The U.S. Forest Service — San Bernardino National Forest — will perform a series of prescribed burns throughout the San Bernardino and San Jacinto mountain ranges.
The agency will set out to accomplish burning 2,800 acres of fuel in a series of prescribed burns by the end of spring.
The U.S. Forest Service (USFS) communicated in a press release earlier this week, “Fire crews only burn when it is safe and productive. A ‘burn boss,’ the person in charge of a prescribed burn, assesses numerous factors each morning before ignitions can begin. These factors include wind, humidity, air quality, fuel moisture and availability of fire crew personnel. If the criteria are met, creating a so-called ‘burn window,’ crews may move forward with burning.
“We set out each year to accomplish as much prescribed burning as we can, when it is safe to do so,” said Deputy Fire Chief Scott Howes. “We really appreciate the public’s continued support for this important work.”
The acres represent the amount of fuel cleared for the area.
San Jacinto Mountains (Idyllwild and Garner Valley)
• Thomas Mountain, south of Garner Valley (broadcast burn): 500 acres
• Cranston Fire burn areas, northeast of Lake Hemet (pile burn): 110 acres, scheduled to begin as early as 10 a.m. Jan. 6 in the area between the Keenwild Helibase and Apple Canyon Road.
•Garner Valley, east of Highway 74 (broadcast burn): 379 acres
• Pine Cove, north of Idyllwild (broadcast): 189 acres
• Strawberry Fuelbreak, west side of Idyllwild (pile burn): 52 acres
• Various fire stations (pile burn): 34 acres
Prescribed burning manages the forest land and assists in restoring the forest land to a healthy ecosystem. Fire plays a role in maintaining that health with fires, “Caused naturally by lightning, fire has long maintained the health of forests, clearing brush on the forest floor and releasing seeds from pine cones, among other natural processes.”
The USFS website explains, the right fire at the right place at the right time:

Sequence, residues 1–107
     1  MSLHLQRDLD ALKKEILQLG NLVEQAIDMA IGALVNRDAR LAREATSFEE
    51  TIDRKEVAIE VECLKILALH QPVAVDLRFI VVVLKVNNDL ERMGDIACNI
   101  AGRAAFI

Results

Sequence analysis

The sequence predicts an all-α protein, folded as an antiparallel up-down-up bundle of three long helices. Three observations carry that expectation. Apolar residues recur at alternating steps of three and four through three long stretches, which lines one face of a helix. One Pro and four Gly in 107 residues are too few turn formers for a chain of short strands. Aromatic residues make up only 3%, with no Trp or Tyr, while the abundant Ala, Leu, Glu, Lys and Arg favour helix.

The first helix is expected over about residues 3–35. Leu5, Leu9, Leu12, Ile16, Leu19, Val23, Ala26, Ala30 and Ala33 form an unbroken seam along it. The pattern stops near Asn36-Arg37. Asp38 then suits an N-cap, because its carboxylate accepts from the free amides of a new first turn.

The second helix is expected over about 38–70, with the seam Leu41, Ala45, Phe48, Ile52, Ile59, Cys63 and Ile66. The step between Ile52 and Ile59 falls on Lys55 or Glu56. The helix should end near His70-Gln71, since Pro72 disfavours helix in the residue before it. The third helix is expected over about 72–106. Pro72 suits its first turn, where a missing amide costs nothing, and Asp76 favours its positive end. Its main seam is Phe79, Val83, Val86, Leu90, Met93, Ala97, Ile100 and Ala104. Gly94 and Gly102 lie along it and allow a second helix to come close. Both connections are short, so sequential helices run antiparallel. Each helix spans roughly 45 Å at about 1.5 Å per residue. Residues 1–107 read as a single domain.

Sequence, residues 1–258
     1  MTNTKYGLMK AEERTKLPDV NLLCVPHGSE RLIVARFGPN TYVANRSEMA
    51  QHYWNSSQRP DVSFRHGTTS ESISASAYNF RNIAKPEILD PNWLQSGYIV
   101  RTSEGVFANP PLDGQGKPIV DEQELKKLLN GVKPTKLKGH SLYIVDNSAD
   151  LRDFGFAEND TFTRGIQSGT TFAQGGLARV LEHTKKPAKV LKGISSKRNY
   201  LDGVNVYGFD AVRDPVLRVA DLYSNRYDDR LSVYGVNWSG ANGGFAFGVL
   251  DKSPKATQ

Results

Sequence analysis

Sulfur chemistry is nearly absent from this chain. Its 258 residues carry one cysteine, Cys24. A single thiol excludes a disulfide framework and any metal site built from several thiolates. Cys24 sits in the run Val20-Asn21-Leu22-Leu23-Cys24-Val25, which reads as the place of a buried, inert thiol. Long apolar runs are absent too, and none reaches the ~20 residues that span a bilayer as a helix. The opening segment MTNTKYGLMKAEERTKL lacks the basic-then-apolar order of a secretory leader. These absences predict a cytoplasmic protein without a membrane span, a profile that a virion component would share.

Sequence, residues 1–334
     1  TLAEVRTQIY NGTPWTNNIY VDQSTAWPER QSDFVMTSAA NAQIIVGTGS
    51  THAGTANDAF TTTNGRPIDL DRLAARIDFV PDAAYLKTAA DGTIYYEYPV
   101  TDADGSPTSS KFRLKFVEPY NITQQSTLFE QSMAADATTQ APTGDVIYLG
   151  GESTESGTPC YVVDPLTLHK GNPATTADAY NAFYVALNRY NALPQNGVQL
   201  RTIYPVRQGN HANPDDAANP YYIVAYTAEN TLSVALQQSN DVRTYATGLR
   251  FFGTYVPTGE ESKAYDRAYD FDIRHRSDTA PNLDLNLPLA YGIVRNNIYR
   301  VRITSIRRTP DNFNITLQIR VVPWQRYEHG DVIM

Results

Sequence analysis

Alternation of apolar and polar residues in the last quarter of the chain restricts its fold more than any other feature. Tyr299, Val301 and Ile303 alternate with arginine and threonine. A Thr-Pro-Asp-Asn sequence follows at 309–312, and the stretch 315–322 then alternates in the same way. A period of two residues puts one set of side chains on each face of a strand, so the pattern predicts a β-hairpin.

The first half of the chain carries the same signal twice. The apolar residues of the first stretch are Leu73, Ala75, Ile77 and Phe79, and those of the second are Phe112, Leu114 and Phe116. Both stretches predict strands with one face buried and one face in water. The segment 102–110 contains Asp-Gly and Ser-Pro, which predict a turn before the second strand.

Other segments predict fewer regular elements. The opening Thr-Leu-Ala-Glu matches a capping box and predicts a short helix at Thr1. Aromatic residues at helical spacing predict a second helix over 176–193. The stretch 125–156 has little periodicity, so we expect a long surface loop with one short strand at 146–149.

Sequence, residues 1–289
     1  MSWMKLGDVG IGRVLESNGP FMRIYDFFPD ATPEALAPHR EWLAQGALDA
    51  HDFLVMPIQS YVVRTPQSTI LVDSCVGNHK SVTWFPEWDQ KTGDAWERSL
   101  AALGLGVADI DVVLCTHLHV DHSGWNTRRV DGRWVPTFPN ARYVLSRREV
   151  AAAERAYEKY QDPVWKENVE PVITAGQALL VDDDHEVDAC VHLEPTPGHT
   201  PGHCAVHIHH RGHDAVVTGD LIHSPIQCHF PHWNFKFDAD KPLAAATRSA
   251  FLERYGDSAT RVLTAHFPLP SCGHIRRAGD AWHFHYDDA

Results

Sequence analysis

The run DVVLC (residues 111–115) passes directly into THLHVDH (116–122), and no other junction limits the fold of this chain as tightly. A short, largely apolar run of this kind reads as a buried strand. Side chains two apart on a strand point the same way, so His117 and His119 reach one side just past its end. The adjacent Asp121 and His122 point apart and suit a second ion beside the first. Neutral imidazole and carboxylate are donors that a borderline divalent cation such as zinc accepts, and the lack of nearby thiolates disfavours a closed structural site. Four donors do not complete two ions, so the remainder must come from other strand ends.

• Reduces hazardous fuels, protecting human communities from extreme fires;
• Minimizes the spread of pest insects and disease;
• Removes unwanted species that threaten species native to an ecosystem;
• Provides forage for game;
• Improves habitat for threatened and endangered species;
• Recycles nutrients back to the soil; and
• Promotes the growth of trees, wildflowers and other plants
Prescribed burns allow agencies to create a barrier around a community.
Pile and broadcast burning are two methods used to manage fuel. “Piles are created for brush clearance around facilities, such as fire stations and communications towers,” USFS wrote. “In other areas, they are created before broadcast burning can safely occur. Vegetation is removed to create spacing and low branches are limbed to limit a wildfire crawling up to a canopy of a tree. Broadcast burning occurs when firefighters treat an area within a pre-determined boundary, mimicking a low-intensity fire ignited by a lightning strike.”
Fire agencies, such as USFS, perform broadcast and pile burning to reduce fuel. However, fire officials encourage residents to abate their own properties to increase defensible space and abide by local fire abatement regulations.
For tips on how to harden your home and create a defensible space, visit www.readyforwildfire.org.